Police at al-Aksa Mosque, Temple Mount, Jerusalem, October 13, 2014.
(photo credit: ISRAEL POLICE)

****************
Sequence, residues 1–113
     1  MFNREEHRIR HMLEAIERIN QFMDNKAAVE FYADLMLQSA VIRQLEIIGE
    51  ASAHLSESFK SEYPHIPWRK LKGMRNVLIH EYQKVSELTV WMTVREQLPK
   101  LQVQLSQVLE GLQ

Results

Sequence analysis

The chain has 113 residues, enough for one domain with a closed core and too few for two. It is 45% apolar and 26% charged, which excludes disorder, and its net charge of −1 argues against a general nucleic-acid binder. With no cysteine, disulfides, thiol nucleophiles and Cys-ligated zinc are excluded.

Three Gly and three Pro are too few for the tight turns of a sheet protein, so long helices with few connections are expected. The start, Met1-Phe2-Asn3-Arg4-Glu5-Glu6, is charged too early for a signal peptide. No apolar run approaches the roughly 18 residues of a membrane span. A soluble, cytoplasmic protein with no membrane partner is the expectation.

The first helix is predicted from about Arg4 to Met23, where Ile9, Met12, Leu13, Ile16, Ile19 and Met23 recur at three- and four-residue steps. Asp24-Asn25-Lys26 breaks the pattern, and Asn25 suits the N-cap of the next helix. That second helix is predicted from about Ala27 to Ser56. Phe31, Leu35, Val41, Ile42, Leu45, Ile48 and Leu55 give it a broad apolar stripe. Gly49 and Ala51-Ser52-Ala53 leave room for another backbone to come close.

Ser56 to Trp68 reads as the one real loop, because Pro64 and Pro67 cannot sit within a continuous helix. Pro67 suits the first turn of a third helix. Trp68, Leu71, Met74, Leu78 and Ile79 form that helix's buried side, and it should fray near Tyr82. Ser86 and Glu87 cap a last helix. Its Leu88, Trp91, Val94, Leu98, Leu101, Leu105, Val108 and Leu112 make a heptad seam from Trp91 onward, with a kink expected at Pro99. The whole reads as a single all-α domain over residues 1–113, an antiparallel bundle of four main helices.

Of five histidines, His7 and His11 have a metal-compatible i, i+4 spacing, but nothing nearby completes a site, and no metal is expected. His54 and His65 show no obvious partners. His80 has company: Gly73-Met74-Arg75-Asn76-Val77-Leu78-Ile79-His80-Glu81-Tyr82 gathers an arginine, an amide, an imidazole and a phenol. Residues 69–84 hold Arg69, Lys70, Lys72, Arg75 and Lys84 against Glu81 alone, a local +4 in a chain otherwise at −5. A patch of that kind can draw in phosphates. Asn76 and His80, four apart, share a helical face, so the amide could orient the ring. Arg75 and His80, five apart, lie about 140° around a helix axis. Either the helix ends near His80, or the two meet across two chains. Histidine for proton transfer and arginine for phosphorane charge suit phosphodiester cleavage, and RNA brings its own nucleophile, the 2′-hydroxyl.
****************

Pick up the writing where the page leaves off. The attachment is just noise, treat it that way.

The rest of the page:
The scene recurs with monotonous regularity before every Jewish holiday: Jews seek to visit the Temple Mount on the eve of the holiday, and Arabs stage meticulously preplanned riots to prevent them. But last Wednesday, on the eve of Sukkot, it ended in a different manner than usual. Instead of police turning away the Jews to appease the rioters, they fought the rioters and let the visits proceed. It’s not yet clear whether this represents a new trend: On Sunday, police closed the Mount to non-Muslims again due to fear of rioting; Monday, they fought the rioters and reopened it to visitors. Yet all Israelis should hope it becomes one, because the police’s longstanding reluctance to confront Arab thugs has negative consequences that go far beyond the Temple Mount. Large swathes of Jewish Jerusalem, facing what has been dubbed a “quiet intifada,” have suffered from this reluctance for months. Israeli Arabs nationwide have suffered from it for years. And all hope for improved Jewish-Arab relations in this country remains doomed as long as it persists.